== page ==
More and more people are coming to us wanting to renegotiate their relationship with social media. They report feeling out of control and frazzled by the energy spent crafting the perfect comment and monitoring responses. They regret the hours consumed roaming internet rabbit holes and watching clever videos.
Ring any bells?
Facebook is like potato chips.
As humans we have developed a lot of unconscious and automatic mechanisms that serve us well most of the time, but on occasion we can be unwittingly triggered in not so good ways. For example, salt and fat are essential nutrients, but not in party-size bags consumed at night on the couch. Likewise, social media drips luscious chemicals into our brains with a promising ping of connection and novelty. But this promise is unfulfilled when it interrupts a meal with a friend, or escalates into a distraction 24/7.
Facebook and potato chips are designed to hook us into a relationship someone else wants us to have based on their agenda. The saving grace is that we do have a choice. We can consciously decide how these activities do or do not contribute to our well being, and then choose based on our agenda.
What's the impact on your quality of life?
We know a retired woman who lost both her legs, and went on to become a well-respected book review blogger. She spends a lot of time connecting with people online, and it has substantially enriched her world. We also know a couple whose relationship was strained because of all the time spent online versus connecting as a family.
The amount of time you spend on social media should be in proportion to the amount of goodness it brings into your life. Ask yourself, "How life enhancing is the return on my investment of time and energy?"
Consider the opportunity costs. Are there things you are not doing now because of the time you spend on social media, such as:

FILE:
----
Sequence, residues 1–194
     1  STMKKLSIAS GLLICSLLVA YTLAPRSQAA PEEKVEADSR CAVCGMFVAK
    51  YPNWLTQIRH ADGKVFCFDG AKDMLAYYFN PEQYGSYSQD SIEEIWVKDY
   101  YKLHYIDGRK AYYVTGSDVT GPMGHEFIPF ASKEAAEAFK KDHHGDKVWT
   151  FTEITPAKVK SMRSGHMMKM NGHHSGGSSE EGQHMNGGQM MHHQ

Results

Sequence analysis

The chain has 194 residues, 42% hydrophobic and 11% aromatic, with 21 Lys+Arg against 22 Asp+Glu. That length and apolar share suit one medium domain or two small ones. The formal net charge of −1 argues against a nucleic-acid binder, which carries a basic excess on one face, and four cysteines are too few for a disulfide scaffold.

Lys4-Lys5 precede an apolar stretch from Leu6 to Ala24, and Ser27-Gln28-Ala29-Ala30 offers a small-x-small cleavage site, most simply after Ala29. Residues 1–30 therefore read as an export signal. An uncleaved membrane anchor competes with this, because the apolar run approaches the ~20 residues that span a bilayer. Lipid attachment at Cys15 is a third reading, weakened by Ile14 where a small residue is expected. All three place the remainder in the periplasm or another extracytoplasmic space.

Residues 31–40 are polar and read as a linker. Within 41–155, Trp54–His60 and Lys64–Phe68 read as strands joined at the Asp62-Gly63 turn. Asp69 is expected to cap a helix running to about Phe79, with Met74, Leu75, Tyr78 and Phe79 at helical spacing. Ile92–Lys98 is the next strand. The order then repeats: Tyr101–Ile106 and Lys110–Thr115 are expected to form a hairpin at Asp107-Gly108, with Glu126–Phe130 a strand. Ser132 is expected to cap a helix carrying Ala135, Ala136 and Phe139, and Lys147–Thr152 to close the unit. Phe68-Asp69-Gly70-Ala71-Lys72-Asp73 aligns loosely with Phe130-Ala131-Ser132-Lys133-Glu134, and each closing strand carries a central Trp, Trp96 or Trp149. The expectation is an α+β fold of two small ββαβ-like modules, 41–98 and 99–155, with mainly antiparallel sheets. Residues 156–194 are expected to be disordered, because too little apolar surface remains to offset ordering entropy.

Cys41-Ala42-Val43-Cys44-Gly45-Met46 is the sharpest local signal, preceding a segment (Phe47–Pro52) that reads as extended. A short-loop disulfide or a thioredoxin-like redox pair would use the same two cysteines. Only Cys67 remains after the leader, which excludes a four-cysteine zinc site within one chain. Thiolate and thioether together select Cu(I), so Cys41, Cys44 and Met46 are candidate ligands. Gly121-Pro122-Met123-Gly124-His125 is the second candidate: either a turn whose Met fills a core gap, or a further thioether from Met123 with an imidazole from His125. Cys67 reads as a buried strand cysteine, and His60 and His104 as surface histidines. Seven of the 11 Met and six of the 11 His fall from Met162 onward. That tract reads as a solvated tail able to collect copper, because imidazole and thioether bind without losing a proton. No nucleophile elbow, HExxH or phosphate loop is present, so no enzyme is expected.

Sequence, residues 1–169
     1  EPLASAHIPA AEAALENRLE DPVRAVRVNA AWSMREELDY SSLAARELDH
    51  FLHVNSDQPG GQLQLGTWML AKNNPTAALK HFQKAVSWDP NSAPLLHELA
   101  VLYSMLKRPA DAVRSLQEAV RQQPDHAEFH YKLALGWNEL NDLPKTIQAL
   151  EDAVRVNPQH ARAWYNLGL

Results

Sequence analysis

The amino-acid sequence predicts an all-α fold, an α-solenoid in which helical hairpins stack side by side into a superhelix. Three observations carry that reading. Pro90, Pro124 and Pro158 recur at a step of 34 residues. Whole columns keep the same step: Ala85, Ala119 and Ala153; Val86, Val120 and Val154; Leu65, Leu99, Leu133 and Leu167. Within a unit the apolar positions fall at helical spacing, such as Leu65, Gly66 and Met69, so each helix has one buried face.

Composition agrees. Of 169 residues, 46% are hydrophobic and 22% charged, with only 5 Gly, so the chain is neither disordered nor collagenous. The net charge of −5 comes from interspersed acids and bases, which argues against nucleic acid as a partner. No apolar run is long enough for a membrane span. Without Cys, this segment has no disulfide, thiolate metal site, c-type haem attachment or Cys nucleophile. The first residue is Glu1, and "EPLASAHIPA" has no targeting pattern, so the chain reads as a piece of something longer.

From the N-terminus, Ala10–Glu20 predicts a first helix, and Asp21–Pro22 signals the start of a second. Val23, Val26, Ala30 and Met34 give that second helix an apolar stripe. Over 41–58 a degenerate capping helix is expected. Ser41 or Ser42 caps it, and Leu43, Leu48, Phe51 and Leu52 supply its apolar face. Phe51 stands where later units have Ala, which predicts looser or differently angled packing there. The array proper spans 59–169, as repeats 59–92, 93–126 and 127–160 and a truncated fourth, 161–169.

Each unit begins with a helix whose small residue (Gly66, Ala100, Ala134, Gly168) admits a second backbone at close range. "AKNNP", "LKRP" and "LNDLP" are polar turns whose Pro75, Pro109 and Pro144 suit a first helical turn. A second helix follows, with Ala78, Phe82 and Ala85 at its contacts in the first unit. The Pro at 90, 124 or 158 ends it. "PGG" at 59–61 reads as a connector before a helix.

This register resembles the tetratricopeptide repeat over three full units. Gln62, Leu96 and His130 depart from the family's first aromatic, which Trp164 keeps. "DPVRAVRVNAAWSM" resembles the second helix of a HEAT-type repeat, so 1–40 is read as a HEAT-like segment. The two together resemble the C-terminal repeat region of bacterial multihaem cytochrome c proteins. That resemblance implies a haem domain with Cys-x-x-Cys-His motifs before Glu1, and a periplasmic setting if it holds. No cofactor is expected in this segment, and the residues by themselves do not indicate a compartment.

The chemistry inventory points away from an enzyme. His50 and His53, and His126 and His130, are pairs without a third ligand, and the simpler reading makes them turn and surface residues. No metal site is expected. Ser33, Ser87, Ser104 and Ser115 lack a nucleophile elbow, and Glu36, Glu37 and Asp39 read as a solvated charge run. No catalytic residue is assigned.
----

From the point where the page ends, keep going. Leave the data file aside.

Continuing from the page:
If you don't already know, track your social media time for a couple of days. Note when you start and when you finish and include the time spent following links and watching videos, as well as how frequently you engage with it (2?, 10?, 50? times a day).
What might you do if you had this time—an hour, or four, or five—to spend on something else, uninterrupted?
Create your own Quality of Life Guidelines.
Inhabit your independence and consciously decide how you want to spend your precious time on earth. This applies to social media, as well as just about all areas of your life. The following strategies will help you figure out your personal guidelines.
~ Take a break. It's good to get a breather from just about everything in your life from time to time, especially social media. Try regularly turning it off for day or two, and on occasion, for a week. This time away will give you a perspective on its impact, and allow you to more easily hit the reset button. We've written about unplugging and electronic Sabbaths in several other essays.
~ Clarify your purpose. By understanding what you really want from social media, you can better determine what to pay attention to, and what to ignore. Once you have honed what is truly important to you, you'll find that you can easily disregard 99% of the other stuff.
If you find your reasons for being on Facebook and the like are to feel less lonely or bored, or to distract yourself from difficult feelings, figure out if you are ready to explore the root causes of those issues. If so, look for support to help you engage with what's really going on.
~ Preset boundaries help. Setting up limits in advance relieves the pressure of having to decide moment to moment what to do. Figure out when, how much time, and other parameters that structure your behavior. For example, we recommend turning off email notifications whenever possible.
~ Find support. This is kind of ironic when it comes to Facebook, right, but really what are friends for? Ask for help in breaking unwanted habits and connecting in more rewarding ways. You might also want to install the various computer programs that will monitor and limit your online behavior.
~ Friend yourself. What would you wish for you if you were your own best friend? What advice and encouragement would you offer? Brainstorm the things you want to do (like the tango!) and be (more relaxed!), and spend your time and energy pursuing those dreams. It is when you are more fully living your life according to your own guidelines that your relationship to social media will most naturally find its place.
Make a list of all the things you love doing and that are important to you. With those priorities in mind, now estimate how much time you actually have for social media each day.
Edit your social media experience so that you are left with only the juiciest, most gratifying connections. Be zealous in your cuts. What do you notice one week after redesigning your social media along these lines?
Ironically electronically yours!
Beth and Eric
This monthly slow essay is from Beth Meredith & Eric Storm of Create The Good Life.
Please pass this along to other interested people. Your feedback is much appreciated.
If you find our work useful or inspiring, consider making a gift via PayPal.